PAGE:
My favourite room in my house is the deck outside, where I sit in the morning to look out on all the old plum and cherry trees, and watch the birds drink from a carved stone water bowl in the garden. I don’t watch movies, but I like watching the drama of this wildlife right outside my door.
In my fridge you’ll always find fresh fruit and vegetables – it’s important for me to have clean food. My wife and I focus on changing what we eat each month – we try to buy local, seasonal produce, so when we are in Japan and mushrooms are about, we’ll eat lots of those, or it might be strawberries for breakfast in summer.
The things I couldn’t do without are a pencil and Japanese washi paper, which I use every day in the studio. Also kakishibu, – a paper made very stiff by being coated in persimmon juice. I cut it up to use for graphics or as a stencil for textile design.
An indulgence I would never forgo is a really good latte every morning. I don’t drink or smoke but I’m addicted to coffee. We have a small in-store coffee shop, Little Cloud Coffee, in Tokyo’s Omotesando neighbourhood, with our own special-order beans and roaster that we work with. I’m particularly proud of our Kutani dripper, which we had custom-made by a 150-year-old pottery firm. visvim.tv/littlecloudcoffee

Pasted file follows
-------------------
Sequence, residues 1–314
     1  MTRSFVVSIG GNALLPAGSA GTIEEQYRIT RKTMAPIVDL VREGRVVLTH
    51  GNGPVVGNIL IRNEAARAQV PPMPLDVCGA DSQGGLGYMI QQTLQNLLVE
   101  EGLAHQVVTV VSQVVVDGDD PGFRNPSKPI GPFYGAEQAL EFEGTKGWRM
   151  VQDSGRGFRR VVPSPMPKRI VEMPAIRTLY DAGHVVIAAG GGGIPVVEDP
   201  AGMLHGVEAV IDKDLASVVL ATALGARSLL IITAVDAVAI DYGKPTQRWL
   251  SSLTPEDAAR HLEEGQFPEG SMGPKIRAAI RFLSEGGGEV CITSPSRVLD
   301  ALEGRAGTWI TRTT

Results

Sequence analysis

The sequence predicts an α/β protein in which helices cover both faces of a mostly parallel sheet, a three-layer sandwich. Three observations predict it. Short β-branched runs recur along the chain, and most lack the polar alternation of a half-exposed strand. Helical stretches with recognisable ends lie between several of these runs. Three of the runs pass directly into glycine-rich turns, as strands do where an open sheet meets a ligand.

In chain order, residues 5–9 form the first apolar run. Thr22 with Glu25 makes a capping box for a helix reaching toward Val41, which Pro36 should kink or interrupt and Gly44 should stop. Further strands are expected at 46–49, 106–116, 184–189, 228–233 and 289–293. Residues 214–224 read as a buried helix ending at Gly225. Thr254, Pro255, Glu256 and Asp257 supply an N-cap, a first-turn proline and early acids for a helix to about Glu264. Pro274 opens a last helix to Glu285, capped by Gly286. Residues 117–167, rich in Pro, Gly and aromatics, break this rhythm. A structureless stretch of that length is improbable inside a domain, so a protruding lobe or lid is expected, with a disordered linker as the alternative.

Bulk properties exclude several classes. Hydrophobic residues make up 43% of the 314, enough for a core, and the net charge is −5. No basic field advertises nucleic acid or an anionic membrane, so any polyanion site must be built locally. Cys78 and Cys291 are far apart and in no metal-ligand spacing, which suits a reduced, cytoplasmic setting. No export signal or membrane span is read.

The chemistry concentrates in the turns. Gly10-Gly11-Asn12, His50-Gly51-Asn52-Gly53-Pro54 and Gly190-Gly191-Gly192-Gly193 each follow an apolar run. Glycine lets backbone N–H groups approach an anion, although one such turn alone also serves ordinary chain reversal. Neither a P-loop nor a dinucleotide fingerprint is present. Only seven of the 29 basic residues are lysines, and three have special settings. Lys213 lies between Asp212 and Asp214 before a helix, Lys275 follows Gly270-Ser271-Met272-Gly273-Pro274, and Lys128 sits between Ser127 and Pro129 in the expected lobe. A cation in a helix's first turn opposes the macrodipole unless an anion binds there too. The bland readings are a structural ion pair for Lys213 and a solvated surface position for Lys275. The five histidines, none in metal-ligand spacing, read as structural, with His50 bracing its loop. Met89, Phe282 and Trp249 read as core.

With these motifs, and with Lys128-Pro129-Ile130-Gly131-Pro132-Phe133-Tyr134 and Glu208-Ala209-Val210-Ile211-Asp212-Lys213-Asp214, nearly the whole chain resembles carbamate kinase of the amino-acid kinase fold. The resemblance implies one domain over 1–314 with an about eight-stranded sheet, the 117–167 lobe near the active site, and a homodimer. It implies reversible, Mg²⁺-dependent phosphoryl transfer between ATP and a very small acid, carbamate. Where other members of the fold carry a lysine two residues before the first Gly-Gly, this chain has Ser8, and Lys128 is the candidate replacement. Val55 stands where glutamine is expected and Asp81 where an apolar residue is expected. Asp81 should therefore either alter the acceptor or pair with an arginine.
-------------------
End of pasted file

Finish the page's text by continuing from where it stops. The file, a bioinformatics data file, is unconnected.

The last item of clothing I added to my wardrobe was a washed canvas jacket, lined with sheepskin, which I designed for Visvim. We sourced the sheepskin from producers in Uzbekistan. It’s exceptionally beautiful – quite raw-looking, yet warm.
The artist whose work I admire is woodworker, architect and furniture-maker George Nakashima, who made beautiful objects that were true to modern American design while also having Japanese inspiration. His designs are still produced in New Hope, Pennsylvania, where he lived and worked. I also have a lot of time for the architect Richard Neutra – we’ve just restored a house he designed in 1952 in California. It had been updated and modified many times, and I couldn’t really feel his vision any more, but we worked to bring it back to its original form. nakashimawoodworkers.com
The wellbeing ritual I never miss is a few minutes every day standing in front of a kamidana, a little Japanese shrine that my wife made for me. It’s a practice that reminds me to be grateful for my life.
My favourite building is the Fujiya Hotel, in Kanagawa, which is a region with lots of hot springs. The hotel first opened in 1878, and it’s unique because they tried to make it like a western hotel, so the inspiration is very mixed, with traditional Japanese architecture and a more contemporary European style. It’s quite funky. From £273 a night; fhr.fujiyahotel.jp
In another life, I would have been a car designer or an architect, because I love to work on different objects. But then I always come back to the same old question: so what am I going to wear, then?